"Free of charge during the introductory period," AmtrakConnect is probably intended to eventually become a pay-per-use service. But Acela is priced so much higher than Northeast Regional service that only business travelers regularly take it, and business travelers often have cellular cards for which they already pay monthly fees.
With BoltBus, MegaBus, and now even many northeast Greyhound routes offering complimentary Internet service en route, it seems unlikely that Amtrak is going to grab a lot of revenue by selling Wi-Fi to its customers.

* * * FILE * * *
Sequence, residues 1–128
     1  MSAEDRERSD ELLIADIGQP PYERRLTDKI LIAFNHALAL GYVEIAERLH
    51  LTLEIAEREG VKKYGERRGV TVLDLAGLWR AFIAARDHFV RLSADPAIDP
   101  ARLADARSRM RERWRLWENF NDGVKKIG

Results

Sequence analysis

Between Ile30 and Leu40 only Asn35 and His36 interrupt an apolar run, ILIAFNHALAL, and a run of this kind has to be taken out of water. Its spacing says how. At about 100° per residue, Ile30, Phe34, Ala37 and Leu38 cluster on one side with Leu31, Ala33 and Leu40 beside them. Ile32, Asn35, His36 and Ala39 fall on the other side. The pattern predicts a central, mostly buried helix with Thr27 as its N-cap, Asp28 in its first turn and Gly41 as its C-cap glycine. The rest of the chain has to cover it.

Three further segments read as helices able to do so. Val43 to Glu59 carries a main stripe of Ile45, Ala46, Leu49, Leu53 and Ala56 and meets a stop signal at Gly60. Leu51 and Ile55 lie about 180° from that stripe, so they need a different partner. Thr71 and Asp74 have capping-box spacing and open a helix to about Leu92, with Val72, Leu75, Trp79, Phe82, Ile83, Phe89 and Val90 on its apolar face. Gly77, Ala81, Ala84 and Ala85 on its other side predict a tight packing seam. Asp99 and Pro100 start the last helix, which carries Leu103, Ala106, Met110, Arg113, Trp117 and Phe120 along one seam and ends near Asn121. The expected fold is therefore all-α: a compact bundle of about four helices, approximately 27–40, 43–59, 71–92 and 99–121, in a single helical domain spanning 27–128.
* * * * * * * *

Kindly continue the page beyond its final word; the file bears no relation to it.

Whatever the long-term outlook for AmtrakConnect, it's here for now. Check it out on any Acela train (whether First or Business Class) or in any of these stations along the Northeast:
- Washington, D.C. Union
- Baltimore Penn
- Philadelphia 30th Street
- New York Penn
- Boston-Route 128 (not South Station)